How I work
I have trained in a number of different approaches to counselling – Existential, Psychodynamic, Cognitive Behavioural Therapy and EMDR. And the breadth of my training means that I use a range of different techniques in my counselling work. Having said that there are several fundamental approaches to counselling that I tend to use.
Cognitive Behavioural Therapy
Many of the difficulties that clients face can be very effectively dealt with by using a strategy based approach like CBT. This is often very good, for example, for issues like stress and anxiety.
CBT suggests that there are a number of key factors that contribute to our problems. First there are the triggers and pressures that we are facing – things like having a huge workload or very stressful responsibilities in your job. The first step in this approach is looking at whether these pressures can be reduced in any way
The second focus in CBT is to look at how we think. A key argument in CBT is that it is not the trigger, but how you think about the trigger, that is what really causes the problems and so we devote a lot of attention to identifying negative thought patterns and helping you to change them.
Another important area is how your body is reacting. When we are stressed and anxious our bodies tense up, making the anxiety worse. So another important focus is on how to de-stress your body, which will de-stress your mind in turn.
The final element to look at is how we behave. People with stress and anxiety often do things that they think will ease their situation – working very long hours or drinking too much are two, very different, examples of this. But the strategies we adopt are often dysfunctional and just make things worse. CBT helps you to look at your behaviour patterns and to adopt ones that are helpful and healthy, reducing your stress and anxiety in the process.
Longer term therapy
Although for some problems an approach that just focuses on the present is all that is needed, other people recognize that their issues are much deeper rooted and stretch back into childhood experiences. A typical example of this would be someone who has low self-esteem. This kind of person never thinks that they are good enough, however successful and able they might be. And they always expect other people to think the same about them as they think about themselves, meaning that their moods are often very negative and even depressed.
Very often, when someone experiences their life in this way, the roots of the problem go back to early life. Children who have harshly critical parents or teachers for example will often absorb the adults’ way of looking at them and it becomes their way of looking at themselves. A dysfunctional set of beliefs and feelings about yourself becomes embedded in your mind and conditions how you experience much of your adult life.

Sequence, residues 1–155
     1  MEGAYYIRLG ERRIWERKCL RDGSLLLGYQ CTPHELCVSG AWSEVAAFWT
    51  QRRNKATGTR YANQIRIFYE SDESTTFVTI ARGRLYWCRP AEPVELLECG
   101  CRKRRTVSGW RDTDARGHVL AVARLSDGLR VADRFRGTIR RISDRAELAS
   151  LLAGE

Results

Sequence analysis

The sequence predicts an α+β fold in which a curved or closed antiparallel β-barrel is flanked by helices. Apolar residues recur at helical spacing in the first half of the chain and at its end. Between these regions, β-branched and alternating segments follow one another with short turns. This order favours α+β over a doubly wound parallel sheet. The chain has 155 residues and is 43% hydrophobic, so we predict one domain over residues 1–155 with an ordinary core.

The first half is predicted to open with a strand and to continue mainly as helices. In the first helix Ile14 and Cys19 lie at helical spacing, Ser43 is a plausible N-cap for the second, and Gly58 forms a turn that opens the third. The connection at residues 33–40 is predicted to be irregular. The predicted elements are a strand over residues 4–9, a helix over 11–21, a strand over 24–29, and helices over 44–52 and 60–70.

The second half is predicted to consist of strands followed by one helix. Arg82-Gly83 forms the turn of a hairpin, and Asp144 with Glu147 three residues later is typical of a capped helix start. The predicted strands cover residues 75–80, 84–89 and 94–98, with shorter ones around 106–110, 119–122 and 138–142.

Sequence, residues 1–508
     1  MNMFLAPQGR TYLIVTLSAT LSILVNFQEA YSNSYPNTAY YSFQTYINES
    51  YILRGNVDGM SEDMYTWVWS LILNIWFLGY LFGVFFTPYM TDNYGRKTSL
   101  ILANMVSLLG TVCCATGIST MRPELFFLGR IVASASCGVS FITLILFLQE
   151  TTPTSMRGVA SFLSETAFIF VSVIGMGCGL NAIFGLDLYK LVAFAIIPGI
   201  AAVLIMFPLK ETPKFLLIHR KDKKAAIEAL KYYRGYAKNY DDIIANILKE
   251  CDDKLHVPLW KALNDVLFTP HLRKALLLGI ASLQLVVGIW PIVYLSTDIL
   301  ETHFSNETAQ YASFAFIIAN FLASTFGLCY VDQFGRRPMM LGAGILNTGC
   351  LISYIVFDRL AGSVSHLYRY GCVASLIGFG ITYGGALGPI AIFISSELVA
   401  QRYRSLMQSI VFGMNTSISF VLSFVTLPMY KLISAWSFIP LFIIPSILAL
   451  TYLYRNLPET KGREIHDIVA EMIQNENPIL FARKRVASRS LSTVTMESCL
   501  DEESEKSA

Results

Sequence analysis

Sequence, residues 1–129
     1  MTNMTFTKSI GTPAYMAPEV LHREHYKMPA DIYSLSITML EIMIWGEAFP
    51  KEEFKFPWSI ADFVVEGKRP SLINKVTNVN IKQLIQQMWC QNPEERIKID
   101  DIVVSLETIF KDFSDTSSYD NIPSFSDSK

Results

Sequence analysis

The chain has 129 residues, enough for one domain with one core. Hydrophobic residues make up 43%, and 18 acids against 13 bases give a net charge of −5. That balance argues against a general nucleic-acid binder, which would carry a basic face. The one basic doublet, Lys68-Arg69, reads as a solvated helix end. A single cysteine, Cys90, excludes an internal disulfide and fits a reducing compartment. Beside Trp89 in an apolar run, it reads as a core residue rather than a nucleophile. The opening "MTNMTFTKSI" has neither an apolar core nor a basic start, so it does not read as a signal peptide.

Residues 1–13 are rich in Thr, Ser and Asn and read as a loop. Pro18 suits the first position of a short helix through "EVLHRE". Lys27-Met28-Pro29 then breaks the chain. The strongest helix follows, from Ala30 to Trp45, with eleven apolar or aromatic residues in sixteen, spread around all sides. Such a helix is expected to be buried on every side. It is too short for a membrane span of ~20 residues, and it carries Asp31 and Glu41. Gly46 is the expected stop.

In depth therapy, which typically would take rather longer than a CBT approach, looks at the disabling ways of experiencing life in the present, and then traces them back to painful past experiences. We can then use an approach like EMDR (Eye Movement Desensitization and Reprocessing) to target the damaging early experiences and properly process them, so that they no longer dominate how you experience your adult life. The objective is not to eliminate the early experiences. That can’t be done. But to get you to a place where you remember them simply as facts, things that happened once but which no longer have any influence on your life.
One more key area in my counselling work is trauma therapy. People who have experienced intensely frightening situations such as accidents, assaults and abuse, will often develop distressing post traumatic reactions. The key to this is the nature of the memory you form. With normal, non-traumatic, experiences our memories are often limited to a few images and facts, and the event will feel finished and in the past. Traumatised people from very different memories. The events feel vividly alive in their minds (people will often have flashbacks, intrusive thoughts and terrible nightmares of what happened) and you are always fearful that something similar is going to happen again. This often leads to behaviour patterns in which people become very avoidant, which in turn leads to huge limitations on how you can lead your life.
In my trauma work I always use a carefully targeted EMDR (Eye Movement Desensitization and Reprocessing) approach. We begin with a range of EMDR based strategies to help you to manage any distressing feelings that come up when we begin to focus on the trauma. And we then work carefully through the traumatic event or events using eye movements to change the nature of the memories so that they begin to feel much less emotionally vivid and firmly in the past. EMDR is a powerfully effective therapy and the majority of clients find that they are able to put their trauma behind them and move on when they have had EMDR treatment.